I want to encourage you to embrace your professional diversity.
We live in a world where we hyphenate ourselves when our cultural background includes many influences. We are encouraged to embrace our cultural diversity, understanding that the mix of backgrounds makes us richer, fuller human beings. But we don’t do the same when it comes to our professional diversity.
Let me tell you a story.
I have always loved the cultural celebration of weddings. I love the blending of families and cultures that come together to create something new. I love how the couple has to decide which cultures to keep, and which ones to let go of. I love knowing that no matter what they decide, they are embracing all of the cultural influences that have conspired to bring them together.
Why are we not encouraged to embrace our professional diversity in the same way?
Let me tell you a story.
I studied creative writing in college. I also work in technology as a UX Designer. I also own a software development company where I manage teams of designers, coders, and product developers. I’ve also co-founded a startup and hosted a Twitter chat about diversity in technology.
All of these things may seem so different, but they have actually taught me to embrace my professional diversity. When I take the stage at a tech conference, I am leveraging my years as a poet and how that experience prepared me to engage with an audience. When I build software, I am thinking about it through the lens of the poet, searching for the story first.
Like cultural diversity, your professional diversity is nuanced.
It is hyphenated and it allows you to bring a different (and new) perspective to your work.
We can do the same with our professional diversity. All of the different paths you’ve taken have value. Everything you studied gives you an opportunity to create more meaning in your work. Cultural diversity is often seen as valuable because it brings together of many cultural influences to make an experience and/or person richer. It is meshing together, a gathering of the best of each to make us better, more unique, more whole.
It is 2019. Most of us will not have the same job as our parents did. We will be hyphen-creatives, bringing our work from one discipline into the other and leveraging all that we have to offer. There will be people who tell you to pick one. This might work for you, but remember that almost no one has one job even if they have one specialty.
In 2019, the doctor is also a blogger. The blogger is also a photographer. The photographer might become a web designer just to get her website up and running. We are not chasing jobs. We are running towards one impact, and using every and any tool we can to get there.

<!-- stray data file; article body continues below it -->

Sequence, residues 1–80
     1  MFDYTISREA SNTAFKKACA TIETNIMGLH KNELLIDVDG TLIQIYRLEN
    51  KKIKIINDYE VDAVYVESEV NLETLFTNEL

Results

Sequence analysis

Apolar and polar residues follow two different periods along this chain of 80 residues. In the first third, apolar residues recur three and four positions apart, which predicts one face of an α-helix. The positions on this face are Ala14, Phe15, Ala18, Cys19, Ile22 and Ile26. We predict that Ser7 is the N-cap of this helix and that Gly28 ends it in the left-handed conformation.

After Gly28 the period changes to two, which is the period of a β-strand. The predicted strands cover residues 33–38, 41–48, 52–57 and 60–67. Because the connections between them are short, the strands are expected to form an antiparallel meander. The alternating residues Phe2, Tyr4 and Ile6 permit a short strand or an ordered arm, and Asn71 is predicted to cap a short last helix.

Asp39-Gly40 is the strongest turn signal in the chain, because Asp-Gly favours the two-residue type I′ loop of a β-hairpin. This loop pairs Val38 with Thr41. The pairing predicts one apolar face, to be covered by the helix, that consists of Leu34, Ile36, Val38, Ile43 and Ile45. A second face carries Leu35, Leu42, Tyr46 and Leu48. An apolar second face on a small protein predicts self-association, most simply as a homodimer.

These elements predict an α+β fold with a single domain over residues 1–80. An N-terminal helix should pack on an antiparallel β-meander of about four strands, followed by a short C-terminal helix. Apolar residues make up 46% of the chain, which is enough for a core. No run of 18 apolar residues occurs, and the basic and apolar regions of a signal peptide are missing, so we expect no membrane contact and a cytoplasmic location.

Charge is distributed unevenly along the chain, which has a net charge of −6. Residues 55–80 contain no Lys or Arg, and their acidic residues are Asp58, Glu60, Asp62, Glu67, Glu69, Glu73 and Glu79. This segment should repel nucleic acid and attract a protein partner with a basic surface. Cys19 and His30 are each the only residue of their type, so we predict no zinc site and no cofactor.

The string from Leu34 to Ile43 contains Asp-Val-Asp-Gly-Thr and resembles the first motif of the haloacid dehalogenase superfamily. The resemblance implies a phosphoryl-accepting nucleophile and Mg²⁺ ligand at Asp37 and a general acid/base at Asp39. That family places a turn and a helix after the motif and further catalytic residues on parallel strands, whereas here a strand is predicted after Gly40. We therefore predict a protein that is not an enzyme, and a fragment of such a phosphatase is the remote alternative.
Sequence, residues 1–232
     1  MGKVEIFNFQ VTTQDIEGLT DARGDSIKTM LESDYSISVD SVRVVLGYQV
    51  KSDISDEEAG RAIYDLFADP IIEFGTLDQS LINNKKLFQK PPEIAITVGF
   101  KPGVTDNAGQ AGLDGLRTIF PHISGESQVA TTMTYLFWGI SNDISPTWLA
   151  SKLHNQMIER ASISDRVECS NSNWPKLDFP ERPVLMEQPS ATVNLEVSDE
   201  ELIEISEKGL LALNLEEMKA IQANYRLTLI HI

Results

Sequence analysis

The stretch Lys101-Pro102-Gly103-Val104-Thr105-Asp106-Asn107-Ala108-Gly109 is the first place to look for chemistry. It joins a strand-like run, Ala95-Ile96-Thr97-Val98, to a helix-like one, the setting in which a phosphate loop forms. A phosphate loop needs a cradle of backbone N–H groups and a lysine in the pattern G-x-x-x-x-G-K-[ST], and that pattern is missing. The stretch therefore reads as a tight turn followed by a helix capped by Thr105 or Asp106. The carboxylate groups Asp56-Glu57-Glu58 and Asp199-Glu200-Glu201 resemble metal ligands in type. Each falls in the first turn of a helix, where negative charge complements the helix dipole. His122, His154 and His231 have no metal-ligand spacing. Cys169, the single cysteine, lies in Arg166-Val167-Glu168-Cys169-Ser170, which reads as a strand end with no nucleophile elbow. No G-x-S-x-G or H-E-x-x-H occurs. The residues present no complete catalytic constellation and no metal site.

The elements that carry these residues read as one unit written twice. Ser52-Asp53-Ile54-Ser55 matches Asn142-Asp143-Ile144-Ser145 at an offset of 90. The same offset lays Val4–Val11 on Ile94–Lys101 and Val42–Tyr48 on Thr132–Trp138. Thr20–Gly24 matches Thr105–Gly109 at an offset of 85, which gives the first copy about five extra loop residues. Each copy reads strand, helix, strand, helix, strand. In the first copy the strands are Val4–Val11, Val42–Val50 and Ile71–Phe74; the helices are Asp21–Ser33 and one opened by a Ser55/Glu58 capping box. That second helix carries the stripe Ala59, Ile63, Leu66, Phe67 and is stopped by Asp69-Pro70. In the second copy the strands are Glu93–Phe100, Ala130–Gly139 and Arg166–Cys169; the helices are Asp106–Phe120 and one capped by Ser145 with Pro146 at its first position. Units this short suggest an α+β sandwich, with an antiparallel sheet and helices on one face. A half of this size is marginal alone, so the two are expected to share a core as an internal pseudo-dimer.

Our work has to be multidisciplinary creativity. This is the future of creative work.
Embrace your professional diversity in the same way you would embrace your cultural diversity.
Remember the work that allows you to have your one and only impact.
Your Future Self
I recently participated in a twitter chat for young women and girls. Within a few minutes of jumping in, I got this question:
What do you think is the biggest challenge facing young women today?
I immediately responded with this:
As an entrepreneur, I’ve had my share of self-doubt. As a woman working in tech, I’ve also had my share of doubts. The thing is, we all do. But the truth is, self-doubt kills. It kills dreams, ambitious and great ideas.
How do we work through it?
n US Startups, less than 2% of funding goes to women-led companies. Many of us are struggling with how to be who we are, raise families, run our businesses and still find funding for the work we do. All of this can lead to extreme self-doubt. I know this story all too well. In January of 2017, I closed the doors on my startup and refocused my energy towards my software development company.
I want to share a few strategies that have helped me along the way.
I do believe there is something you can do about it.
1. Use it as an ally
What are you doubting? Are you wondering if you’re smart enough, vocal enough, CEO enough?
Figure out exactly what you doubt about yourself, and turn it into something you can use as an ally. Ask your doubt to have your back.